When I was told I have endometriosis, I naturally went online to find out a bit more about it. This led me the website for Endometriosis UK, a charity that supports women with the condition. As well as the explanations and hints and tips, I read quite a few of the personal stories on the website. They were pretty shocking – any pain I’ve had seems like a walk in the park compared to what some of these women have been though and their experiences were often made ten times worse by late diagnoses.
A lot of the women on there spoke about how changes to their diet seemed to help alleviate the symptoms, which I found interesting. Towards the end of last year my diet was pretty awful. It’s never been great but being extra busy and on the move a lot of time seemed to make it worse – lots of train station croissants for breakfast, carb-y buffet fair whilst at events and cheeky cakes with my americano’s at coffee shop meetings. My waistline as well as my general health were telling me that things needed to change!
So, I started thinking not simply about eating healthier but eating in a way that might help with endometriosis. Some women telling their stories on the Endometriosis UK website said that consulting a nutritionist had helped, so I thought that’s where I’d start. I googled ‘nutritionist Cardiff’ and came up with Joanne Crovini at cardiffnutritionist.co.uk, who seemed to fit the bill.
After submitting a food diary and a pretty hefty amount of medical information I met with Joanne in a room above Canton Health Foods store the other week. She was very nice and her conclusions seemed to make sense – the way I was eating, I was sugar-rushing and crashing like a yo-yo throughout each day and needed to eat foods that released energy slowly to keep me nice and balanced.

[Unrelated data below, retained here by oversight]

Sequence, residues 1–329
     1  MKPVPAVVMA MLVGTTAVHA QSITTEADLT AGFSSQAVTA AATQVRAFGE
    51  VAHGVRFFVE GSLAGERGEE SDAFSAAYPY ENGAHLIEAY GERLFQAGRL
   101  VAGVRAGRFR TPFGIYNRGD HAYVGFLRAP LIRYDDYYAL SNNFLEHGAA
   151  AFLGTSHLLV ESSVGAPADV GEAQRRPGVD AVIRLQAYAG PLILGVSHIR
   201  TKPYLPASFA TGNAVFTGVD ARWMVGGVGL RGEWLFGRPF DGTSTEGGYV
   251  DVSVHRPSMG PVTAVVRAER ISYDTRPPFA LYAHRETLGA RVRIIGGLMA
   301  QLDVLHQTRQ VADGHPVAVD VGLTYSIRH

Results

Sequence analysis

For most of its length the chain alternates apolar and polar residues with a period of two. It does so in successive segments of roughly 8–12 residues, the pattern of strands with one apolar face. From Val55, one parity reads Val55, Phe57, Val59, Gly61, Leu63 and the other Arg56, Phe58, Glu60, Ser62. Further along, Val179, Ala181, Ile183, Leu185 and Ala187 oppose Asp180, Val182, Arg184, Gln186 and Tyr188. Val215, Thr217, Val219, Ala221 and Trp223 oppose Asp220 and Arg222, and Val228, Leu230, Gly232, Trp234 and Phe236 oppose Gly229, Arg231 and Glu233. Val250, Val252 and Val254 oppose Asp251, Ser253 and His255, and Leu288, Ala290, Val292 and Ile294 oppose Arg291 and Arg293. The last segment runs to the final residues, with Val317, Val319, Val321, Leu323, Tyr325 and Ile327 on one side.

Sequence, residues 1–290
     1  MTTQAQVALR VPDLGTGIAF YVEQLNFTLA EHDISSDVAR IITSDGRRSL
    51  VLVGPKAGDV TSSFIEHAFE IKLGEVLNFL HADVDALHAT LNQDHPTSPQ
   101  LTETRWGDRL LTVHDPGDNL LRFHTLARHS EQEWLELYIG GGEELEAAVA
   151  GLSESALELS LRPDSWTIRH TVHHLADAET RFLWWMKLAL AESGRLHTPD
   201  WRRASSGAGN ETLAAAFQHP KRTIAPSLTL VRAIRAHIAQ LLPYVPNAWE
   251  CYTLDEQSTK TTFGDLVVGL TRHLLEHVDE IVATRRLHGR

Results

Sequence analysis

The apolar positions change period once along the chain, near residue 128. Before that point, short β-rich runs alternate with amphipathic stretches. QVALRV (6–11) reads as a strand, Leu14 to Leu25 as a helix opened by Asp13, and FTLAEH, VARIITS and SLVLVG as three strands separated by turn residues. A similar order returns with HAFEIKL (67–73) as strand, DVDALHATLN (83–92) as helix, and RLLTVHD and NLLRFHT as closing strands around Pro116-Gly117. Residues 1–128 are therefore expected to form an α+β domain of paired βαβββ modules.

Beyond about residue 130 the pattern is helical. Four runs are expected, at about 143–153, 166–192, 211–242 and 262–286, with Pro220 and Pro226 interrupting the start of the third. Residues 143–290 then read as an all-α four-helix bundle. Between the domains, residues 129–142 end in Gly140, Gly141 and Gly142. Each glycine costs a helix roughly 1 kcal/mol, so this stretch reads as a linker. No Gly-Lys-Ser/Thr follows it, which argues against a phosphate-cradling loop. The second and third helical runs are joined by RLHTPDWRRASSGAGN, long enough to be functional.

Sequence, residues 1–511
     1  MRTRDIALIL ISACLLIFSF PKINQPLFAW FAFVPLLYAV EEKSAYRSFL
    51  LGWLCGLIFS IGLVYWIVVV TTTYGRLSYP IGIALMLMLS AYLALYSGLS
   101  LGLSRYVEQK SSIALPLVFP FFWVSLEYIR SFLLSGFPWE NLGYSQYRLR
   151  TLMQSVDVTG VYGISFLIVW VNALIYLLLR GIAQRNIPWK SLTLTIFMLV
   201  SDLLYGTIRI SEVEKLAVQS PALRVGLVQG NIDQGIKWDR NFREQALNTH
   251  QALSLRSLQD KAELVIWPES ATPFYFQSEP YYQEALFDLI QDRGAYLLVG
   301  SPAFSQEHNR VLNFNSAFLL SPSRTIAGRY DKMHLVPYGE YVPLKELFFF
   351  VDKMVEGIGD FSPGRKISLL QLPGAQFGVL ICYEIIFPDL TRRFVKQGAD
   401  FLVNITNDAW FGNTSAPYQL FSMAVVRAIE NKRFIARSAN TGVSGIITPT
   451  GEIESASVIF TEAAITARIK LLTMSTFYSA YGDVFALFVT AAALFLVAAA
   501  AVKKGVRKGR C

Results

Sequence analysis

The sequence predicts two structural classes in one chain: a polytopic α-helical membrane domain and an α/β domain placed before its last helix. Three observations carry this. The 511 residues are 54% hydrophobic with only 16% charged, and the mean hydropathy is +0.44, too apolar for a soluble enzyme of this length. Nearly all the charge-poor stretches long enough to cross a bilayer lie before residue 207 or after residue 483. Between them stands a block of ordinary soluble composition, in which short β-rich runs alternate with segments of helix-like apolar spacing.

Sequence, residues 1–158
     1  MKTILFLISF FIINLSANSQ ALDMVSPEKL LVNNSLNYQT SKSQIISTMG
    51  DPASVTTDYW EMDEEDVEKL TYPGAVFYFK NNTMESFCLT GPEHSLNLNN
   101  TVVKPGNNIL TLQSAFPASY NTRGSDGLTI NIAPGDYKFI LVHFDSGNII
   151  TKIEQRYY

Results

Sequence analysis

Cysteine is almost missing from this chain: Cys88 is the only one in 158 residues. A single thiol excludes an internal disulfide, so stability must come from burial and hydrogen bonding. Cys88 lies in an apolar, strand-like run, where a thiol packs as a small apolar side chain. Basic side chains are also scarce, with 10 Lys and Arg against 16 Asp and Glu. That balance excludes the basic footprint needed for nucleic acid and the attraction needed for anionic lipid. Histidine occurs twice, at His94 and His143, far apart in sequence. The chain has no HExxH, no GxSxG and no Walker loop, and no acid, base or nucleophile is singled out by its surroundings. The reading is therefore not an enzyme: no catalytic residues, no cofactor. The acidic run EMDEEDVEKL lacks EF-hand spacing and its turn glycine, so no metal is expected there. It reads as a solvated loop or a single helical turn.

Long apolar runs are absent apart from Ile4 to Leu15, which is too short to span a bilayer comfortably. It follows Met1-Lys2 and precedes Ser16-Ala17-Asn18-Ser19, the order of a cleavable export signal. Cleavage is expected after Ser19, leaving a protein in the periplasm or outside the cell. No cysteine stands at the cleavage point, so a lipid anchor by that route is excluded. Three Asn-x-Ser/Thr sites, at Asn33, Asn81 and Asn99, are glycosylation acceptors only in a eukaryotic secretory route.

This means I’m to avoid sugar, refined carbs (white bread/rice/pasta), potatoes, fried food, red meat and dairy and up my intake of essential fats (oily fish, nuts, seeds, etc.), protein, vegetables (especially broccoli) and dark berries. Obviously, the advice Joanne gave me was a lot more detailed than that but I won’t bore you with the finer points here.
What I shall do is continue to keep a food diary until I see Joanne again in March. Although I’ve embraced the Pink Pad technology with keeping track of my cycle, I’ve been pretty old school with keeping a food diary so far and written it out longhand at the end of each day in a little notebook. But then I spotted Nat Higginbottom’s online food and ‘4 Hour Body’ diet diary chinup.posterous.com and I thought, what a brilliantly simple and visual way of doing it! I can do it all with my iphone, include photos of my meals to see as well as read about what I’ve eaten and include any odd related notes/reflections on the day. So I’ve pretty much copied Nat’s technique and created getgoodeats.posterous.com (hope you don’t mind, Nat!), more as a record for myself than anything but available for my nutritionist or anyone else who might be vaguely interested to read.
I’ve been on the diet for a couple of weeks now and so far, so good. I get the odd craving for bread and cakes but it’s not overwhelming and the variety of foods I’m trying to eat combined with experimenting with new recipes and Carl’s slow cooker has meant no boredom has set in. That said, I’ll not be shying away from the inevitable lapses I do have and looking at why these might have occurred and getting back on the right track again afterward.
I think I’m already starting to feel the effects – less up and down, less ‘afternoon dips’ of severe sleepiness around 3pm and a bit more energy. However I am finding certain things difficult, such as cutting right back on caffeine. So I suppose time will tell on how I get on with all.